ok, and did you try to recreate the Xcode exporter in the projucer ?

I added the Extra Compiler Flags from the demo Projucer but that didn’t solve the problem.

The mystery to me is, why is the header file "NSObjCRuntime.h being included in the build? The Xcode error message is

Unknown type name ‘NSString’ NSObjCRuntime.h

and then it explains this by saying

“In file included from /Users//JUCE/modules/juce_audio_devices/juce_audio_devices.cpp:46”

The file included on line 46 of the .cpp file is"juce_audio_devices.h" but there is no reference to NSObjCRuntime.h in that header file.

Are you familiar with how #include work? In your case:

  • JUCE/modules/juce_audio_devices/juce_audio_devices.cpp includes:
    • JUCE/modules/juce_audio_devices/juce_audio_devices.h, which includes:
      • JUCE/modules/juce_events/juce_events.h, which includes:
        • JUCE/modules/juce_core/juce_core.h, which includes:
          • JUCE/modules/juce_core/native/juce_BasicNativeHeaders.h, which includes:
            • <Cocoa/Cocoa.h>, which includes:
              • NSObjCRuntime.h

And this is exactly what Xcode is telling you.

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Ok, I think you misunderstood what I meant. Let me try to clarify this a bit.

I didn’t mean that you wrote any line of Obj-C code yourself. However, a lot of Apple APIs are written in Objective C. So JUCE as a cross-platform framework of course contains some Objective C code to implement the MacOS / iOS specific stuff. However JUCE only presents you a C++ interface.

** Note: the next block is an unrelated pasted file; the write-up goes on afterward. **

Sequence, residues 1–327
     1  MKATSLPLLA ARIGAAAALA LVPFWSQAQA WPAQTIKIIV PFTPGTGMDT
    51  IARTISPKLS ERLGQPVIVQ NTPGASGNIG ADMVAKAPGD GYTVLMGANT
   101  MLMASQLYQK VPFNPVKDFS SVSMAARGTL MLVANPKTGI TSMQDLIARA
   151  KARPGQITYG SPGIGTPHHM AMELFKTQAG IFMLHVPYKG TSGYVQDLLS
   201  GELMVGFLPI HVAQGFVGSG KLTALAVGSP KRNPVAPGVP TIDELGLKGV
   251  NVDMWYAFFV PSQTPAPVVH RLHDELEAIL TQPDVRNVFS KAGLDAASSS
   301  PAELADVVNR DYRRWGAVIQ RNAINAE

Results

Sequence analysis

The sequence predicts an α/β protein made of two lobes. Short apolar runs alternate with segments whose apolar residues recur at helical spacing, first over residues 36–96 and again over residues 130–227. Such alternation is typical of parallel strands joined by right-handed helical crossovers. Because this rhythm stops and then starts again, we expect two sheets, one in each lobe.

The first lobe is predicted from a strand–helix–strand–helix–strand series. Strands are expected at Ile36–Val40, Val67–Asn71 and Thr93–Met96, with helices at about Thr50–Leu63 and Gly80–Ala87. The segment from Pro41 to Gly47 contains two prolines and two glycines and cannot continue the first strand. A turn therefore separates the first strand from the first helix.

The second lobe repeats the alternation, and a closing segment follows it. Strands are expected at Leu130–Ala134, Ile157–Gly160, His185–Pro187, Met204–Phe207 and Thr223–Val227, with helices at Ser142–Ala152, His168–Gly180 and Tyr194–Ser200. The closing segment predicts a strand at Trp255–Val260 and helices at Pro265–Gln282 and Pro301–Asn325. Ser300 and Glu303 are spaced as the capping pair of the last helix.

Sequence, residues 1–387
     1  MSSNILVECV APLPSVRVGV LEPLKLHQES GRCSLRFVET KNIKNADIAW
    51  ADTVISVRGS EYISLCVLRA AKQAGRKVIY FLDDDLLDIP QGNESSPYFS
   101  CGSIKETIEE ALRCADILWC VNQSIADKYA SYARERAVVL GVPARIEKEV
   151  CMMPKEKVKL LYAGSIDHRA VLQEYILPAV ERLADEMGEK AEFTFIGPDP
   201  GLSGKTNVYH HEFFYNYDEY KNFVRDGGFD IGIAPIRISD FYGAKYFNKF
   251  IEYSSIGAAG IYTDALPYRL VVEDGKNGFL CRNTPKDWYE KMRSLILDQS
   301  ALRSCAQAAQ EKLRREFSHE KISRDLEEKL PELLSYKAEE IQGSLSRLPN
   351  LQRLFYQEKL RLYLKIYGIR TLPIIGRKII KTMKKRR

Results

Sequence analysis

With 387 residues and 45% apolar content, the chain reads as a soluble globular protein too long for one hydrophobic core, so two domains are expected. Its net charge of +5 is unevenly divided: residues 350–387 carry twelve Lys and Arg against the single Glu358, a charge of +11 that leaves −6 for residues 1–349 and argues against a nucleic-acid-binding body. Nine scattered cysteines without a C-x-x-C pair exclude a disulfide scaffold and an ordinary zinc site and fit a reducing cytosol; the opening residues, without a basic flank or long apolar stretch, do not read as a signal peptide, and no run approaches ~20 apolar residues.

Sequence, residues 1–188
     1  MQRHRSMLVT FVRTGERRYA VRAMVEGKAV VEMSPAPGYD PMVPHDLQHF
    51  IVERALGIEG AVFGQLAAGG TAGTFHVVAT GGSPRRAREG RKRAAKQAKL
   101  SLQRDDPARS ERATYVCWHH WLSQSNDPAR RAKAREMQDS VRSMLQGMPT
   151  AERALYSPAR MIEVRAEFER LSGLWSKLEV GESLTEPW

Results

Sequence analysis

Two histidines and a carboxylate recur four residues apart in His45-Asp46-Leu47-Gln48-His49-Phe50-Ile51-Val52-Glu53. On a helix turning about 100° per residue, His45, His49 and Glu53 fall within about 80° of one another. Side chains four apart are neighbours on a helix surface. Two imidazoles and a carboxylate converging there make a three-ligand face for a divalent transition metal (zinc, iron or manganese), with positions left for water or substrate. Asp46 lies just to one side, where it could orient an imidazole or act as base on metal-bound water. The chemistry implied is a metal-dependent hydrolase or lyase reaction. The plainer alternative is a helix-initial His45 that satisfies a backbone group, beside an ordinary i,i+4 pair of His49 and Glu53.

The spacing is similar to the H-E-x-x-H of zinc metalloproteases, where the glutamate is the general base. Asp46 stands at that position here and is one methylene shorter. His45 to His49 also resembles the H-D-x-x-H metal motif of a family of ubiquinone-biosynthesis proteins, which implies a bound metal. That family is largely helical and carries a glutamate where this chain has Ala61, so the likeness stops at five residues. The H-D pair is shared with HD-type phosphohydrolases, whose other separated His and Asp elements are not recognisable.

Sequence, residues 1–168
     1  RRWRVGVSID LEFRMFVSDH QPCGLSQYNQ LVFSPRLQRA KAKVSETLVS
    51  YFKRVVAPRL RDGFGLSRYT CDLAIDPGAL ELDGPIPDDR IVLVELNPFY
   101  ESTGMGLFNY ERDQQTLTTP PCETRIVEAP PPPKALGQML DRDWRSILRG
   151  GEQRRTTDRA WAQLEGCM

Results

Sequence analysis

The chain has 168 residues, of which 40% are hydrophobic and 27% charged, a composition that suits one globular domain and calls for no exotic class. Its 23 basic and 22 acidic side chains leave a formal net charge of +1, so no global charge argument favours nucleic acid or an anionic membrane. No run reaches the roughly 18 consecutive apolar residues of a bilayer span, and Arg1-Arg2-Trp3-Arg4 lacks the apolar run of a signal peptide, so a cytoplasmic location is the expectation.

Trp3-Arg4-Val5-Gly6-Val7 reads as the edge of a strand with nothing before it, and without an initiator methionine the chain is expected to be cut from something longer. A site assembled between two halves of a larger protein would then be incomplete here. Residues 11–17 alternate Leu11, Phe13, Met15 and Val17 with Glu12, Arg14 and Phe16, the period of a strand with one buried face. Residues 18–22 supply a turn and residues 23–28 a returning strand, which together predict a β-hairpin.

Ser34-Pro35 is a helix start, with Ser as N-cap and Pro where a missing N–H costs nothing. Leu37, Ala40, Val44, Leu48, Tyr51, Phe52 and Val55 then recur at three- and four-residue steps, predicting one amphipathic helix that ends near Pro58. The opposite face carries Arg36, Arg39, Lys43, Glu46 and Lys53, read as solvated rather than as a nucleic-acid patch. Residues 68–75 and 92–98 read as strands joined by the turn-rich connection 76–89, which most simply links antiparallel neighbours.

Now how does this work? Beneath pure C++ sources (.cpp) and pure Objective C sources (.m) clang (the compiler used for Mac and iOS) also allows to compile Objective C++ sources (.mm). Objective C++ sources can contain Objective C code as well as C++ code or both. So all modules that come with JUCE usually contain a .mm file in its root directory beneath the .cpp file that do nothing more than just include the .cpp file (take a look here for an example: https://github.com/WeAreROLI/JUCE/blob/develop/modules/juce_audio_devices/juce_audio_devices.mm). Now if the Projucer sees a .mm file and a .cpp file in the module root folder, it decides to compile the .mm file as Objective C++ source and just ignore the C++ file. This allows JUCE to include Apples Objective C headers somewhere deep down in the framework when they are needed to talk to the OS.

This was just to explain what I meant.

Now regarding your actual problem, I wanted to point you to the fact that if you include some headers in your .cpp file that somewhere deep down the include path includes an Objective C header this might not work if your file is called .cpp as clang then tries to compile it as pure C++ source. Trying to do so leads to error messages exactly like the one you posted. You very likely won’t encounter this problem with a Windows build as this includes some other headers under the hood - this is just how the encapsulation of the OS specific stuff works. This could be solved by adding a .mm file that just includes the .cpp file. It will be ignored on non-apple systems.